H-NS, Global Regulator of Gene Expression and Organizer of the Bacterial Nucleoid
Charles J. Dorman
from: Bacterial Regulatory Networks (Edited by: Alain A.M. Filloux). Caister Academic Press, U.K. (2012)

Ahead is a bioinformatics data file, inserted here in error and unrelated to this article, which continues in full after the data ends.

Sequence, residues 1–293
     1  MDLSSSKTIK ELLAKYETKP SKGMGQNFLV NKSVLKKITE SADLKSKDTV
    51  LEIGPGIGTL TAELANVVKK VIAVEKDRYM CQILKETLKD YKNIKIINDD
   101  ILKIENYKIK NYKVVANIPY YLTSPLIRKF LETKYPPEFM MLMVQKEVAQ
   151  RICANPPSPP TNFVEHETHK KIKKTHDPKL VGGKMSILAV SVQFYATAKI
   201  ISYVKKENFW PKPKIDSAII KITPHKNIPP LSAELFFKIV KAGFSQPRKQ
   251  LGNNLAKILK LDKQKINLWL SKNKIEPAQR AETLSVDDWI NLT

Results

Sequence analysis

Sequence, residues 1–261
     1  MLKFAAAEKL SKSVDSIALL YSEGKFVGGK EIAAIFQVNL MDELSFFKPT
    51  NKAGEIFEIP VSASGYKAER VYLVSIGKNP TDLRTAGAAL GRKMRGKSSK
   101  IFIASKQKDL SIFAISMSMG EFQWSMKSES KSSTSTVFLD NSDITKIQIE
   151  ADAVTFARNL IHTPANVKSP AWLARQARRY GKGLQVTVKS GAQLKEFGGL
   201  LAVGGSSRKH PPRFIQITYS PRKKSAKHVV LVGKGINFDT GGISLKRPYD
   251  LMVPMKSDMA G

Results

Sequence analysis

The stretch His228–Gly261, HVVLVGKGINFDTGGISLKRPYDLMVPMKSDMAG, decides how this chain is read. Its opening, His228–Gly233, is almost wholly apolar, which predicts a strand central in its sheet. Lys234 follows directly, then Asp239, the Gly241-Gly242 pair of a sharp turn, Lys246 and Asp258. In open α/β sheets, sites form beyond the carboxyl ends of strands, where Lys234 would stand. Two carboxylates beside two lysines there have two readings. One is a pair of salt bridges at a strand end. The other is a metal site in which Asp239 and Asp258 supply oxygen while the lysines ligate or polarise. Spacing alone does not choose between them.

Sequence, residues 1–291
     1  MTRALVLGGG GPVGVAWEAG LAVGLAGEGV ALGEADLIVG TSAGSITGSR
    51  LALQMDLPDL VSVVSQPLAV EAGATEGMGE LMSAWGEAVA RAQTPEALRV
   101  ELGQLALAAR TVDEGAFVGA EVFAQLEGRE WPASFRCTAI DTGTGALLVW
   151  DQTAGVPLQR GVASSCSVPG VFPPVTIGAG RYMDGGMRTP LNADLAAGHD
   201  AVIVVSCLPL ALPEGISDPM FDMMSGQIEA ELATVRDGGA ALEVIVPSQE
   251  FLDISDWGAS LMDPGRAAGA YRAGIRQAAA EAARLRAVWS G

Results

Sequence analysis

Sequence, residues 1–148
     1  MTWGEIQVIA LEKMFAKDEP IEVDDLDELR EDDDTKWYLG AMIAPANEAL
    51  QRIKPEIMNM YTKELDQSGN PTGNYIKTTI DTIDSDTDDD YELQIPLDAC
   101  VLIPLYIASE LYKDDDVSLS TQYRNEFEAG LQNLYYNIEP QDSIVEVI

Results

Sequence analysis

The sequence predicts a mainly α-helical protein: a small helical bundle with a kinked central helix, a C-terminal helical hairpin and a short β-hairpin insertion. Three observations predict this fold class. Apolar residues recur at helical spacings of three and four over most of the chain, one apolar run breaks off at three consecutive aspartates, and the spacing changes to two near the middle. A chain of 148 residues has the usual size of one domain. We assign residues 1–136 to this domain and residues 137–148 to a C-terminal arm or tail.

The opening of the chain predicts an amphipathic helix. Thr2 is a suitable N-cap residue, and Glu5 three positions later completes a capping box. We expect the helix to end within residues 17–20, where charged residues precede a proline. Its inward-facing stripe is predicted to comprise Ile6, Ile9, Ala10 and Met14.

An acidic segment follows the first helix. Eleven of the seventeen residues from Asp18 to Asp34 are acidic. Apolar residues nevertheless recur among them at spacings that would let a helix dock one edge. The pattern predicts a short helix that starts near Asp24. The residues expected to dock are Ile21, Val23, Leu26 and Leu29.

H-NS is an abundant DNA binding protein that has been found to influence the expression of hundreds of genes in those Gram-negative bacteria, chiefly Escherichia coli and Salmonella enterica, where its regulatory effects have been investigated. It also has the potential to organize the structure of the nucleoid. H-NS has a preference for binding to A+T-rich DNA and this preference underlies its targeting of genes that have been acquired by horizontal transfer. H-NS usually acts as a transcriptional silencer by binding to a nucleation site followed by lateral spreading with or without the creation of DNA-protein-DNA bridges; it may also act as an architectural component in the nucleoid. Bacteria use a multitude of mechanisms to displace H-NS or to attenuate its negative influence on gene expression. A paralogue of H-NS, called StpA, is an efficient RNA chaperone and controls a regulon of genes in S. enterica by influencing expression of the RpoS sigma factor. Orthologues of H-NS have been discovered on large self-transmissible plasmids, introducing a new dimension in considerations of the roles of H-NS-like proteins in horizontal gene transfer. Importantly, analogues of H-NS are now being discovered and characterized in Gram-negative bacteria such as Pseudomonas that are only distantly related to E. coli, in the medically important actinomycete Mycobacterium tuberculosis and even in Gram-positive organisms such as Bacillus subtilis read more ...